A controversial voting system that would have allowed San Jose voters to rank candidates in the order they’d like to see them elected has been shot down before it even had a chance to reach the election ballot.
In the ranked choice system, voters pick candidates first, second, third and so on. Candidates who come in last are eliminated and the votes they received are reallocated to those listed on the same ballots as second preferences. The votes are then tallied again, and if no one wins a majority of votes the process is repeated until someone eventually reaches the victory threshold.
Proponents of ranked choice voting say the system promotes diversity, reduces negative campaigning and saves election costs because they eliminate runoffs.
But while the system has been gaining traction across the nation — New York City is one of the latest major ones to adopt it — San Jose will stay put for now.
The San Jose City Council voted 7-3-1 Monday to keep the current system intact. Council members David Cohen and Sergio Jimenez proposed letting voters decide in November 2024 whether they want to switch to ranked choice voting.
Vice Mayor Chappie Jones and council members Magdalena Carrasco, Dev Davis, Matt Mahan, Maya Esparza, Pam Foley and Sylvia Arenas voted against the proposal. Mayor Sam Liccardo was absent.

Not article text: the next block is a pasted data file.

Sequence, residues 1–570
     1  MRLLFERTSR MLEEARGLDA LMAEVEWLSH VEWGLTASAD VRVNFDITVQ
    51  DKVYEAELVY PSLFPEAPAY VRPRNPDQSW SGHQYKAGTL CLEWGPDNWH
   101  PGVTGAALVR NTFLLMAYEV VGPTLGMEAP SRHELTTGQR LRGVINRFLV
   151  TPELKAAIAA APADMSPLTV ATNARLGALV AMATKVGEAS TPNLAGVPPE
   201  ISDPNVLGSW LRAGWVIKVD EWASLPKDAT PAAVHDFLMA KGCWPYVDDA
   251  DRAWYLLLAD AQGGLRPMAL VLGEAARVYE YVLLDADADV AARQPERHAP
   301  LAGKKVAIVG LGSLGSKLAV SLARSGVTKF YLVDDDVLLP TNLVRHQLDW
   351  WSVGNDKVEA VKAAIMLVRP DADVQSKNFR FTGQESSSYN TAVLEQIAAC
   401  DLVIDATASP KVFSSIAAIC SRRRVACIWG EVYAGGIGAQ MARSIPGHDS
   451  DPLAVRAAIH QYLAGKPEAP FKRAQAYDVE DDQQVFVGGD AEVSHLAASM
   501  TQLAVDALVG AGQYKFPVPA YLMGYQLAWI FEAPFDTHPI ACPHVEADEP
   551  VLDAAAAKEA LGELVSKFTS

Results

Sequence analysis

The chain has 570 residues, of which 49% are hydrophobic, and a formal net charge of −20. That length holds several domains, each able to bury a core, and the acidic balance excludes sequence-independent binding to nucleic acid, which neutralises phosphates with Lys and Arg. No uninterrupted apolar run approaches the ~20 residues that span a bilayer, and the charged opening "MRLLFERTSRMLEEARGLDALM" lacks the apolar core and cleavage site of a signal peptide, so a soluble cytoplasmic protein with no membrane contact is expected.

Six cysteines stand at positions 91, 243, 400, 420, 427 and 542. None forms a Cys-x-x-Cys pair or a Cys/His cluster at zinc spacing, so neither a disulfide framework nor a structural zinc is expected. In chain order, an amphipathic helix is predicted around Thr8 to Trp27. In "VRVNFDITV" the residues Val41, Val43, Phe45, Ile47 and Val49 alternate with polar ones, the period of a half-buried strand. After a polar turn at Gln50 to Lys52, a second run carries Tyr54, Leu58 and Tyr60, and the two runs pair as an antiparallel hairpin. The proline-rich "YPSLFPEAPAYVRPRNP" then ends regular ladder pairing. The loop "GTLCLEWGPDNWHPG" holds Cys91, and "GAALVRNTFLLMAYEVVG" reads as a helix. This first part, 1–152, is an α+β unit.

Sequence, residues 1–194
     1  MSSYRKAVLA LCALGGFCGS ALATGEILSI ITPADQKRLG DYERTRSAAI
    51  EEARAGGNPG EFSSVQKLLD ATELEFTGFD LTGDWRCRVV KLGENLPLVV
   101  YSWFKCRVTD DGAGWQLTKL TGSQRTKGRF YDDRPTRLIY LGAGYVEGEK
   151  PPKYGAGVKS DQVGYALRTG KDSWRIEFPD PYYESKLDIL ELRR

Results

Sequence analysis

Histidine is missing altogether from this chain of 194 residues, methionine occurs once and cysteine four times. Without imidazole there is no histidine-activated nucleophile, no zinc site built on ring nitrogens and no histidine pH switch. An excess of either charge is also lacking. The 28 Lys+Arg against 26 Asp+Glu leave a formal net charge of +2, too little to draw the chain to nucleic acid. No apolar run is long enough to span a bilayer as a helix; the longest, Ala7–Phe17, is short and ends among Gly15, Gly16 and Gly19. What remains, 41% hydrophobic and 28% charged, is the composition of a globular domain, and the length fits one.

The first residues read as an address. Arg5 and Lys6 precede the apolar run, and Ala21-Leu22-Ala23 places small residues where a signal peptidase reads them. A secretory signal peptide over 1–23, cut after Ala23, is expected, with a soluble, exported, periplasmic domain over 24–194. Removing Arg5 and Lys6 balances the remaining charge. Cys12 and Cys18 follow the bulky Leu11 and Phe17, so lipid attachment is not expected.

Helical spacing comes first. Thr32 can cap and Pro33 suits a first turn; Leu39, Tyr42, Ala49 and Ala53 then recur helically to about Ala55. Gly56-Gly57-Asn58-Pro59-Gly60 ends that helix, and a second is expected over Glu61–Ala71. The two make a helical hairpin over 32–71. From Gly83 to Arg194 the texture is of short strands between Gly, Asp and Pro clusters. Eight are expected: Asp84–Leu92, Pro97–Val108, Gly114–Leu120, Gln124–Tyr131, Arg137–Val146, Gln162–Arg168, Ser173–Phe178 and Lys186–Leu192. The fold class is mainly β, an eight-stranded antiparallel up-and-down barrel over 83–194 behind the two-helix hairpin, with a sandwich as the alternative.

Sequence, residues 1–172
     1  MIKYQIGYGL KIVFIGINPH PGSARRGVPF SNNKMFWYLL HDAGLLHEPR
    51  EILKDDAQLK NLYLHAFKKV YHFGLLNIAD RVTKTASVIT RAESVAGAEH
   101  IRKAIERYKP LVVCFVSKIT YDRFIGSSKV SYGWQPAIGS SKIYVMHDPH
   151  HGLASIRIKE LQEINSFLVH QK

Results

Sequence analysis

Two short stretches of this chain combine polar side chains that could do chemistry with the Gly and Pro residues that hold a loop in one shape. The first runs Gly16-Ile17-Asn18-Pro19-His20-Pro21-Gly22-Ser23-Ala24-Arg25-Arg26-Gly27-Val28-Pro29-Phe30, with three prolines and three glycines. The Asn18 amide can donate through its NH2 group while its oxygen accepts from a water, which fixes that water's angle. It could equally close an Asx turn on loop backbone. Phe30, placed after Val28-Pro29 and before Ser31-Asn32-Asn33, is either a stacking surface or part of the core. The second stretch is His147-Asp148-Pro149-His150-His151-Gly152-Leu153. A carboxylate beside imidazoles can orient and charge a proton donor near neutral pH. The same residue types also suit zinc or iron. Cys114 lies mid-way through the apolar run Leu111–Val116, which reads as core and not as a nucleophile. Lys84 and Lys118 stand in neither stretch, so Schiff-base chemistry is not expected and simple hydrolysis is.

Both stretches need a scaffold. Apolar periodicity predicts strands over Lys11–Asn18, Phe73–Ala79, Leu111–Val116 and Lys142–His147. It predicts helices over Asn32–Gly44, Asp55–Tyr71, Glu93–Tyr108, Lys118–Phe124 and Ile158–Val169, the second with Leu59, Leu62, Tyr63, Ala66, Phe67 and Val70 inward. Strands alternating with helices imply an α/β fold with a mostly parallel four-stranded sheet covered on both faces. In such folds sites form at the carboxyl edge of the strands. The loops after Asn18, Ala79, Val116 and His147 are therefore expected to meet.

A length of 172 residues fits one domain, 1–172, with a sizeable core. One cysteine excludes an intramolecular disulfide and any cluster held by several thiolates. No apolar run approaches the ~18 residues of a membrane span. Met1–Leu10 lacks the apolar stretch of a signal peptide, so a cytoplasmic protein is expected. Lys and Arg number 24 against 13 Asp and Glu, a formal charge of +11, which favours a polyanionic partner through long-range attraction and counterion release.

San Jose’s charter review commission — a 23-member body that met for more than a year to study and suggest possible changes to the way the city is governed — had recommended the council proceed with ranked choice voting.
According to the advocacy organization FairVote, 43 jurisdictions across the country used ranked choice voting in the latest election and about 55 are expected to use it in the next one.
Cohen argued that ranked choice voting aligns with the “council’s objective of maximizing voter participation.”
“We have a ballot measure this year to move the mayor election for this purpose,” he said. “Having all the candidates appear on the ballot in the general election when voter turnout is the highest provides the most input that the voters can give as to who their preferences are.”
Earlier this year, the council authorized a June ballot measure asking voters whether the mayoral election should be held the same years as presidential elections. Because Liccardo terms out this year, the mayor elected in November would serve a two-year term with the option to also run for four-year terms in 2024 and 2028.
Opponents of ranked choice voting contend it helps candidates game the system.
That perception played out in San Francisco in 2018 when mayoral candidates Jane Kim and Mark Leno joined forces by asking voters to rank them in an attempt to edge out eventual winner and now-Mayor London Breed.
Opponents also argue the system can be confusing and further disenfranchise seniors and people of color.
Several council members said ranked choice voting would be detrimental to East San Jose’s population, which historically has a record of low voter turnout.
“I think it makes things too complicated,” Jones said. “We’re trying to encourage people to come out and vote and when you make the process more and more complicated, you’re intuitively discouraging people from participating.”